Therefore we ought to give the more earnest heed to the things which we have heard, lest at any time we should let them slip.
Lest we should let them slip — As water out of a leaky vessel. So the Greek word properly signifies.
 For if the word spoken by angels was stedfast, and every transgression and disobedience received a just recompence of reward;
In giving the law, God spoke by angels; but in proclaiming the gospel, by his Son.
Steadfast — Firm and valid.
Every transgression — Commission of sin.
Every disobedience — Omission of duty.
 How shall we escape, if we neglect so great salvation; which at the first began to be spoken by the Lord, and was confirmed unto us by them that heard him;
So great a salvation — A deliverance from so great wickedness and misery, into so great holiness and happiness. This was first spoken of (before he came it was not known) by Him who is the Lord - of angels as well as men.
And was confirmed to us — Of this age, even every article of it.
By them that had heard him — And had been themselves also both eye-witnesses and ministers of the word.
 God also bearing them witness, both with signs and wonders, and with divers miracles, and gifts of the Holy Ghost, according to his own will?
By signs and wonders — While he lived.
And various miracles and distributions of the Holy Ghost — Miraculous gifts, distributed after his exaltation.
According to his will — Not theirs who received them.
 For unto the angels hath he not put in subjection the world to come, whereof we speak.
This verse contains a proof of the third; the greater the salvation is, and the more glorious the Lord whom we despise, the greater will be our punishment.
God hath not subjected the world to come — That is, the dispensation of the Messiah; which being to succeed the Mosaic was usually styled by the Jews, the world to come, although it is still in great measure to come Whereof we now speak - Of which I am now speaking. In this last great dispensation the Son alone presides.
 But one in a certain place testified, saying, What is man, that thou art mindful of him? or the son of man, that thou visitest him?
What is man — To the vast expanse of heaven, to the moon and the stars which thou hast ordained! This psalm seems to have been composed by David, in a clear, moonshiny, and starlight night, while he was contemplating the wonderful fabric of heaven; because in his magnificent description of its luminaries, he takes no notice of the sun, the most glorious of them all. The words here cited concerning dominion were doubtless in some sense applicable to Adam; although in their complete and highest sense, they belong to none but the second Adam.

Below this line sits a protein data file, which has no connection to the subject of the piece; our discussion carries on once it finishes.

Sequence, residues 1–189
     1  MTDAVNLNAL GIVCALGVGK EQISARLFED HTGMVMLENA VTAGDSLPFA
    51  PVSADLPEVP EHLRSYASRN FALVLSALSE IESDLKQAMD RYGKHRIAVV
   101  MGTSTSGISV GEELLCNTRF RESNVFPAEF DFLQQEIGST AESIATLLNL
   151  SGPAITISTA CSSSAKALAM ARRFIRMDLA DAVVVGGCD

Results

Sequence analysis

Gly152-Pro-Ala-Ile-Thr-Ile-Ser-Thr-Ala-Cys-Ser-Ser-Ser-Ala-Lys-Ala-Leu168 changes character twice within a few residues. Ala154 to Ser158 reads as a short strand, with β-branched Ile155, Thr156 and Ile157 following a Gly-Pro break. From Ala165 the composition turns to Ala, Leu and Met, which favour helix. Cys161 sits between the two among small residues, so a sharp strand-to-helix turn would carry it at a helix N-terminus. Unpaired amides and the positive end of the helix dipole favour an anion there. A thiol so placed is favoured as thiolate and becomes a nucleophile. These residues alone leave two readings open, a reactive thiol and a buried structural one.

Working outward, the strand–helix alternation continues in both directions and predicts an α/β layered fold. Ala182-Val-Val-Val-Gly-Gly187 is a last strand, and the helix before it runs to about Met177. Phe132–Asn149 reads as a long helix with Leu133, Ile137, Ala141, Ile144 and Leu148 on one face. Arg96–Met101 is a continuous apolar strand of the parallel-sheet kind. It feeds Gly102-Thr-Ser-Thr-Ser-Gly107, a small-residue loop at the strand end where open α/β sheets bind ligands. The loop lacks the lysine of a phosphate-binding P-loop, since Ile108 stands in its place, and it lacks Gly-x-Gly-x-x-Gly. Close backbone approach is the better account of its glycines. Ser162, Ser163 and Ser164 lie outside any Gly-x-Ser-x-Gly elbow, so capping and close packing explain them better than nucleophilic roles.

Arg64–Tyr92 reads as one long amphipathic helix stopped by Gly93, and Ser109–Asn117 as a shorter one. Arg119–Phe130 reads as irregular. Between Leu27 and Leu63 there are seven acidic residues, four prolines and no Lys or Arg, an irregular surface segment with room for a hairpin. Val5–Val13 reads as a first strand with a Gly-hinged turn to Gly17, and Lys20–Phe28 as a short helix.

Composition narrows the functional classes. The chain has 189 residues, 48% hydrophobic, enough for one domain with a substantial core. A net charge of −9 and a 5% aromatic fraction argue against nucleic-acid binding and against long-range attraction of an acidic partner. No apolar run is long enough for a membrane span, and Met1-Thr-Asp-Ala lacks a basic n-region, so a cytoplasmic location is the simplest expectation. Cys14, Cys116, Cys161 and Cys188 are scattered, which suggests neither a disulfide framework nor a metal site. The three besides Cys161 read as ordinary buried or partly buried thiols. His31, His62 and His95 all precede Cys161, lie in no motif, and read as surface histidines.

Or the son of man, that thou visitest him — The sense rises: we are mindful of him that is absent; but to visit, denotes the care of a present God. Psalms 8:4.
 Thou madest him a little lower than the angels; thou crownedst him with glory and honour, and didst set him over the works of thy hands:
Thou hast made him — Adam.
A little lower than the angels — The Hebrew is, a little lower than (that is, next to) God. Such was man as he came out of the hands of his Creator: it seems, the highest of all created beings. But these words are also in a farther sense, as the apostle here shows, applicable to the Son of God. It should be remembered that the apostles constantly cited the Septuagint translation, very frequently without any variation. It was not their business, in writing to the Jews, who at that time had it in high esteem, to amend or alter this, which would of consequence have occasioned disputes without end.
 Thou hast put all things in subjection under his feet. For in that he put all in subjection under him, he left nothing that is not put under him. But now we see not yet all things put under him.
Now this putting all things under him, implies that there is nothing that is not put under him. But it is plain, this is not done now, with regard to man in general.
 But we see Jesus, who was made a little lower than the angels for the suffering of death, crowned with glory and honour; that he by the grace of God should taste death for every man.
It is done only with regard to Jesus, God-Man, who is now crowned with glory and honour - As a reward for his having suffered death.
He was made a little lower than the angels — Who cannot either suffer or die.
That by the grace of God, he might taste death — An expression denoting both the reality of his death, and the shortness of its continuance.
For every man — That ever was or will be born into the world.
 For it became him, for whom are all things, and by whom are all things, in bringing many sons unto glory, to make the captain of their salvation perfect through sufferings.
In this verse the apostle expresses, in his own words, what he expressed before in those of the Psalmist.
It became him — It was suitable to all his attributes, both to his justice, goodness, and wisdom.
For whom — As their ultimate end.